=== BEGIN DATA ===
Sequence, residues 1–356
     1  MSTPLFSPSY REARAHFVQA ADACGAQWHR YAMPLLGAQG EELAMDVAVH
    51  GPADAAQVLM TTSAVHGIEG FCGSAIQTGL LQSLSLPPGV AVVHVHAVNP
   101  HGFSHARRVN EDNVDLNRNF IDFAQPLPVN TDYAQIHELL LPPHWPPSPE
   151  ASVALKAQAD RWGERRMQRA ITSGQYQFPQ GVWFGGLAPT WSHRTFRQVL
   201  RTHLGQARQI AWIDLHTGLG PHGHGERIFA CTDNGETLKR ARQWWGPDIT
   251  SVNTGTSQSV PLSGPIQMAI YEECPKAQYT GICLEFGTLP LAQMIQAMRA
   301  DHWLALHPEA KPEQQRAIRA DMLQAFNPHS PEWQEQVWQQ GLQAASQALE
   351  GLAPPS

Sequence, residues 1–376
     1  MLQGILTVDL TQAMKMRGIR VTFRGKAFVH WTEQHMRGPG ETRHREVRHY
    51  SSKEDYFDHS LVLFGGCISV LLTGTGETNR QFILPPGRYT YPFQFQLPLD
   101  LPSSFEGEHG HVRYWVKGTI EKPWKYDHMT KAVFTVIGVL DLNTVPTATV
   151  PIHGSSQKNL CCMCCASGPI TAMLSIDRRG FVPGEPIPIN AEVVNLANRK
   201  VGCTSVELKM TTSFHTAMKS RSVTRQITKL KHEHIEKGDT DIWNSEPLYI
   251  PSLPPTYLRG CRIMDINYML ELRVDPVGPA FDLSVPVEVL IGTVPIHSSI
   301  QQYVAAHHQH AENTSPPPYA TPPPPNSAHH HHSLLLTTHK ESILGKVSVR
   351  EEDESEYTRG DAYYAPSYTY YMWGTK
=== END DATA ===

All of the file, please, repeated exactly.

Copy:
Sequence, residues 1–356
     1  MSTPLFSPSY REARAHFVQA ADACGAQWHR YAMPLLGAQG EELAMDVAVH
    51  GPADAAQVLM TTSAVHGIEG FCGSAIQTGL LQSLSLPPGV AVVHVHAVNP
   101  HGFSHARRVN EDNVDLNRNF IDFAQPLPVN TDYAQIHELL LPPHWPPSPE
   151  ASVALKAQAD RWGERRMQRA ITSGQYQFPQ GVWFGGLAPT WSHRTFRQVL
   201  RTHLGQARQI AWIDLHTGLG PHGHGERIFA CTDNGETLKR ARQWWGPDIT
   251  SVNTGTSQSV PLSGPIQMAI YEECPKAQYT GICLEFGTLP LAQMIQAMRA
   301  DHWLALHPEA KPEQQRAIRA DMLQAFNPHS PEWQEQVWQQ GLQAASQALE
   351  GLAPPS

Sequence, residues 1–376
     1  MLQGILTVDL TQAMKMRGIR VTFRGKAFVH WTEQHMRGPG ETRHREVRHY
    51  SSKEDYFDHS LVLFGGCISV LLTGTGETNR QFILPPGRYT YPFQFQLPLD
   101  LPSSFEGEHG HVRYWVKGTI EKPWKYDHMT KAVFTVIGVL DLNTVPTATV
   151  PIHGSSQKNL CCMCCASGPI TAMLSIDRRG FVPGEPIPIN AEVVNLANRK
   201  VGCTSVELKM TTSFHTAMKS RSVTRQITKL KHEHIEKGDT DIWNSEPLYI
   251  PSLPPTYLRG CRIMDINYML ELRVDPVGPA FDLSVPVEVL IGTVPIHSSI
   301  QQYVAAHHQH AENTSPPPYA TPPPPNSAHH HHSLLLTTHK ESILGKVSVR
   351  EEDESEYTRG DAYYAPSYTY YMWGTK